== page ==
A backyard pool can make your home the hot spot for summer fun!  But it also brings added responsibility and liability risk to your home.   As a pool owner, there are two important factors to consider when it comes to insurance coverage: pool damage coverage and liability coverage.   If your pool is damaged by a covered peril, homeowners insurance may help pay for repairs.  Secondly, homeowners insurance also includes liability coverage, which helps pay for expenses if a guest is injured at your pool. 



Homeowners insurance typically helps pay to repair a pool if it's damaged by one of the risks covered by your policy.  For instance, if a tree falls on your pool during a storm, your homeowners insurance will likely help pay for repairs, up to the limits indicated in your policy.  However, keep in mind that homeowners policies exclude coverage for damage caused if water freezes in your pool, so be sure to empty your pool at the end of each season.


Coverage for your pool typically depends on what kind of pool you own. An above-ground pool is generally covered by the personal property coverage in a homeowners policy, while an in-ground pool is usually covered by other structures coverage.


Ask your agent to help determine whether you should consider increasing your coverage limits based on the value of your pool and any added accessories, such as a water slide or deck.



If you own a pool or are thinking of getting a pool, you'll also want to take your liability coverage into consideration.  If a guest is injured at your pool, you could potentially incur medical or legal expenses that stem from the incident. Liability protection is a standard part of a typical homeowners policy, but because a pool can increase your liability risk, you may want to consider increasing your coverage.  Keep in mind that you’re even responsible if someone sneaks in and uses your pool without your permission.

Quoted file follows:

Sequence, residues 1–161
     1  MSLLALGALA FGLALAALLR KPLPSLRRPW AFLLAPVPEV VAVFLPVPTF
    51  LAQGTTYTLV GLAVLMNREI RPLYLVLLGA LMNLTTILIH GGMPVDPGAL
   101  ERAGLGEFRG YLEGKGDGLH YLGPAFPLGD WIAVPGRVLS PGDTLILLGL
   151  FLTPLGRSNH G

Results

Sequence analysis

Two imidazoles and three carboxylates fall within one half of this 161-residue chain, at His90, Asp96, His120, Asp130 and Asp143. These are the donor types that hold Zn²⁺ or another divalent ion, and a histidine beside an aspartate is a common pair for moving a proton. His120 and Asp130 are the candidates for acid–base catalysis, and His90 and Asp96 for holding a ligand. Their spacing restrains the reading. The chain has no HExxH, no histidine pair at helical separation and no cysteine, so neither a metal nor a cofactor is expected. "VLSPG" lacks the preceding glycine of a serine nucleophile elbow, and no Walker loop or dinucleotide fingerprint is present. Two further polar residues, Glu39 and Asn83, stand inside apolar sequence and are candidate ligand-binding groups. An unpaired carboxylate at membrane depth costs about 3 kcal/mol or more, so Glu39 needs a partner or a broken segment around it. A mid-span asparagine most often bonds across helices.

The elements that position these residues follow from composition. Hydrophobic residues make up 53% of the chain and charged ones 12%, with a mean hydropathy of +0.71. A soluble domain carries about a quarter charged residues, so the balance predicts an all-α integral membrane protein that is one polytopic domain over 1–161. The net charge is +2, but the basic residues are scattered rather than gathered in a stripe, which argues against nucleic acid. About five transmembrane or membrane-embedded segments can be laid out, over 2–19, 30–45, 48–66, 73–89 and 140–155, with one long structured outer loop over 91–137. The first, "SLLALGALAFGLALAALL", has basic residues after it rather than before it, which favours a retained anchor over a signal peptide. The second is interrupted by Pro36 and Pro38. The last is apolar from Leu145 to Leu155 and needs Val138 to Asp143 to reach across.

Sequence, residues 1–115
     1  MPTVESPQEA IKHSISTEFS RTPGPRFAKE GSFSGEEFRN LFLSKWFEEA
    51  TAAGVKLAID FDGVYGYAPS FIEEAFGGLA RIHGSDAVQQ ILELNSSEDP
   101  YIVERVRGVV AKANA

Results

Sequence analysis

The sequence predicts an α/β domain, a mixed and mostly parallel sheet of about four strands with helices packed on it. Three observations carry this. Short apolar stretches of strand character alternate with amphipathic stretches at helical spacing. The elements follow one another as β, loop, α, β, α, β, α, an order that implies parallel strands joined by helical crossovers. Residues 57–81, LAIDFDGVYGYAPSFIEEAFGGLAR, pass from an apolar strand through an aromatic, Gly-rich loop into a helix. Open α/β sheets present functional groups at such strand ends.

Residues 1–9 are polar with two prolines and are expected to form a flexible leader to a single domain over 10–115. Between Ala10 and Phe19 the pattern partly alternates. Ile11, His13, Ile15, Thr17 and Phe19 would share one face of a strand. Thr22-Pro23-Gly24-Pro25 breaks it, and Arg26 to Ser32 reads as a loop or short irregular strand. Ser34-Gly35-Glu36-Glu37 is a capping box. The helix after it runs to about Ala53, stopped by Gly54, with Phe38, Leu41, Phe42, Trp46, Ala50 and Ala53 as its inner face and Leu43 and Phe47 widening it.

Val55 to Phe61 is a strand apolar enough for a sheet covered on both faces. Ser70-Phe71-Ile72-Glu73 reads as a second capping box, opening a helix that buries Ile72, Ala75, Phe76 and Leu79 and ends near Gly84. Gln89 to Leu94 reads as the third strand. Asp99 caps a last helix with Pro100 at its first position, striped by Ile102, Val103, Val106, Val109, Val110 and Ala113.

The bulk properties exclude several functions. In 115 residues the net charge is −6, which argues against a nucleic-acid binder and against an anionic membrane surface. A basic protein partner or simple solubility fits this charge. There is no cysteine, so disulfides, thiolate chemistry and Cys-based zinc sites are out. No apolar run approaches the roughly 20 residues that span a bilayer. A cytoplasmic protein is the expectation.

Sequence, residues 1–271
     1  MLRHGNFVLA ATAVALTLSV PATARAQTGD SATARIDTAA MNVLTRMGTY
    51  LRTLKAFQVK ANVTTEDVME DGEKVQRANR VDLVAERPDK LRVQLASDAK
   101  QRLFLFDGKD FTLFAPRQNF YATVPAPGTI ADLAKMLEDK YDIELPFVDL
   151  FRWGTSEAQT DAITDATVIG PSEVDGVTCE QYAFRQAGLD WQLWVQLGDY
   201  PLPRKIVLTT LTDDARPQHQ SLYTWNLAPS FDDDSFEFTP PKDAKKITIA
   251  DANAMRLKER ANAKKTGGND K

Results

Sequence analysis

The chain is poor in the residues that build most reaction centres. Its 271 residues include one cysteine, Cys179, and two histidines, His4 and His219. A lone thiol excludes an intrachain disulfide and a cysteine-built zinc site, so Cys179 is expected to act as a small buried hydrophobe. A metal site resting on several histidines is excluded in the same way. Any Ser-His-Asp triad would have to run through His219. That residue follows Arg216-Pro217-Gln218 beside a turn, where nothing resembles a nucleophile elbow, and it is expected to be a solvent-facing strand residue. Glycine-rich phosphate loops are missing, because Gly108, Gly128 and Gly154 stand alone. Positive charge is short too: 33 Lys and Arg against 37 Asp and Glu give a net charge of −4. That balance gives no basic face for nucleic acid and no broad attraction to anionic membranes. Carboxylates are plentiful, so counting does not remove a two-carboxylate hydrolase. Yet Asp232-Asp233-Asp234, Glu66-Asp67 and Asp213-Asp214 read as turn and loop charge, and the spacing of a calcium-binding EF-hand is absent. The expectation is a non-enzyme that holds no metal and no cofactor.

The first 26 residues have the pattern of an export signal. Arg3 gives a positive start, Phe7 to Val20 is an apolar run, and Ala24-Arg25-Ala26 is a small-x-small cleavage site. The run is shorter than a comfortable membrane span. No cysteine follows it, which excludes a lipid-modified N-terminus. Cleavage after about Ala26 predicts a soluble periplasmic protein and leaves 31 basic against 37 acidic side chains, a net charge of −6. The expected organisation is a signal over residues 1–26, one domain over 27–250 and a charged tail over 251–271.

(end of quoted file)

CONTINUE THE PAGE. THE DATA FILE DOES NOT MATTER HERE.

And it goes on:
A homeowners policy typically provides $100,000 in base liability coverage.   If you have a backyard pool, we recommend that you talk to your agent to determine if those limits should be increased.



To add an extra layer of protection, you may want to consider purchasing a personal umbrella policy. An umbrella insurance policy provides liability coverage above the limits of your homeowners policy. Umbrella protection begins when you've exhausted the required underlying insurance amount of your homeowners policy.  


If you have a pool or you're planning to install one, it's a good idea to let your insurer know.  While pools are typically covered by homeowners insurance policies to some degree, you'll probably want to review your coverage to make sure you have the right amount of protection in place.  Failing to do so could leave you, yourself, being responsible for claim costs in the case of a mishap.


Here are a few safety precautions to help prevent accidents or claims :

  • Install a fence or wall with a self-closing, self-latching gate to prevent unauthorized use.
  • Set up an alarm to alert you if any unsupervised people enter the area.
  • Use a safety cover over your pool to prevent accidental falls into the pool.


pool season

Posted 1:04 PM

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